For example, if a fancy leotard arrives with a $58 MSRP, but you think you can sell it for $62, then be confident and mark it up. “No one is going to care or notice the difference if you charge $24 instead of $22,” Russell says. “As retailers we’re afraid of pricing higher and we shouldn’t be. People are used to paying money for products they want.”
Offer “Good-Better-Best” Options
Rafi Mohammed, founder of Culture of Profit, a Cambridge, MA–based pricing-strategy consultancy firm, recommends offering good-better-best choices. “You don’t want to put people in a take-it-or-leave-it situation, so give them a few options,” he says. For example, when you go to the car wash, you choose which level of service you want. “You’d think most people would go for the lowest price, but that’s not necessarily the case,” Mohammed says. “You could be leaving money on the table by not offering a premium version.”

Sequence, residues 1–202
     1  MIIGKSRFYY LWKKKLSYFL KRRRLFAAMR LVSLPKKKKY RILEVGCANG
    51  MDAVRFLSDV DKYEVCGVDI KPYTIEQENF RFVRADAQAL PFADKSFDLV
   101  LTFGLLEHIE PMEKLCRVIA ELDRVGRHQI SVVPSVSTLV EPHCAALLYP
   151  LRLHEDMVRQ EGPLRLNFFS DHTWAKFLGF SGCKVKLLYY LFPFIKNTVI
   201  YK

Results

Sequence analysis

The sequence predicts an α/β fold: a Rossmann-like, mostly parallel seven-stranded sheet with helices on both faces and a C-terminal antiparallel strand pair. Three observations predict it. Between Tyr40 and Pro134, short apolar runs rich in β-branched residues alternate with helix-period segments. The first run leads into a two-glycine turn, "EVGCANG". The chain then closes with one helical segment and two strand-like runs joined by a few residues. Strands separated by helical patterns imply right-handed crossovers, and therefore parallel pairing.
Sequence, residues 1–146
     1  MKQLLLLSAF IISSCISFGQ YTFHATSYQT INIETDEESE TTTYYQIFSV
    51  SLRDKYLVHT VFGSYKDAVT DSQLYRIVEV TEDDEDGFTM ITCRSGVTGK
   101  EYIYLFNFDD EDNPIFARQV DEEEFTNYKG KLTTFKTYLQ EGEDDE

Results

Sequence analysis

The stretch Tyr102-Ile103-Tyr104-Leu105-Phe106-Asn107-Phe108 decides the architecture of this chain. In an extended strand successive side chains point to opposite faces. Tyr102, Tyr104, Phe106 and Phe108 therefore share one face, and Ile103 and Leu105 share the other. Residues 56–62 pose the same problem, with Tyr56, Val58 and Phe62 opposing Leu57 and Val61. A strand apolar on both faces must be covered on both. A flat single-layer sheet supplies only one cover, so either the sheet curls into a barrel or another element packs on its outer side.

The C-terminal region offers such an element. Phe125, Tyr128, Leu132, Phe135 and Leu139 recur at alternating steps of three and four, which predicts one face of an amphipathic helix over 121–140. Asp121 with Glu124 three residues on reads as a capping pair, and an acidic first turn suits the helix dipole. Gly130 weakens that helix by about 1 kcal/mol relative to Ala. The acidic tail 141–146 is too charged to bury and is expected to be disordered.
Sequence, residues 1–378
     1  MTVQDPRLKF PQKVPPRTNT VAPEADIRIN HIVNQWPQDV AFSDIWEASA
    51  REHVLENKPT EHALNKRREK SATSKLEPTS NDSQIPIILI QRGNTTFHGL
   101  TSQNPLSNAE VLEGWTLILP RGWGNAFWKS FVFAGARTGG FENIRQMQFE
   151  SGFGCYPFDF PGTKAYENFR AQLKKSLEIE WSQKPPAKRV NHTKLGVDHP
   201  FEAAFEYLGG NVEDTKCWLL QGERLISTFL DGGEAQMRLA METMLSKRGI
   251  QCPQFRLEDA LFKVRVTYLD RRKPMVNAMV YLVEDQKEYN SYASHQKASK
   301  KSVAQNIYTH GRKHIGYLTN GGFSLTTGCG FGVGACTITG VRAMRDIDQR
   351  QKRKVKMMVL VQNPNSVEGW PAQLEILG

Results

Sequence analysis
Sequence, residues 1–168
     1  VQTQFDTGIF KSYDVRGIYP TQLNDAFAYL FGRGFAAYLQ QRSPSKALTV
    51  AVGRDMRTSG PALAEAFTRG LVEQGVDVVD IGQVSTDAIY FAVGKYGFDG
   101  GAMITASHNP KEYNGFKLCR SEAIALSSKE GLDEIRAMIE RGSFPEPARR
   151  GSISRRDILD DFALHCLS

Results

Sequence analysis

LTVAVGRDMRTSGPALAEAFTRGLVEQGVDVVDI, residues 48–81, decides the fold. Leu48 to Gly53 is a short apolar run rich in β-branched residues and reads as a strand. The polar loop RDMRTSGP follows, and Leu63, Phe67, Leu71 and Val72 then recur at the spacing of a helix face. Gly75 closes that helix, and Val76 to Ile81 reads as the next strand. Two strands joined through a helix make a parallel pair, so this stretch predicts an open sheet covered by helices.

Russell says he finds the psychology behind pricing fascinating, especially “anchor pricing.” That’s when a retailer creates a favorable comparison by bringing in higher-priced products to make other products seem less expensive. This is similar to the good-better-best strategy or listing the original price alongside a discounted price to show the savings gained by making a purchase.
“We might have a $150 dance bag that a dancer shows her mom, and the mom might say, ‘That’s too expensive.’ But then we bring out the $80 version and she says, ‘Oh, OK. You can have that one.’ Having the more expensive option on hand changes the perception.”
Consider Your Timing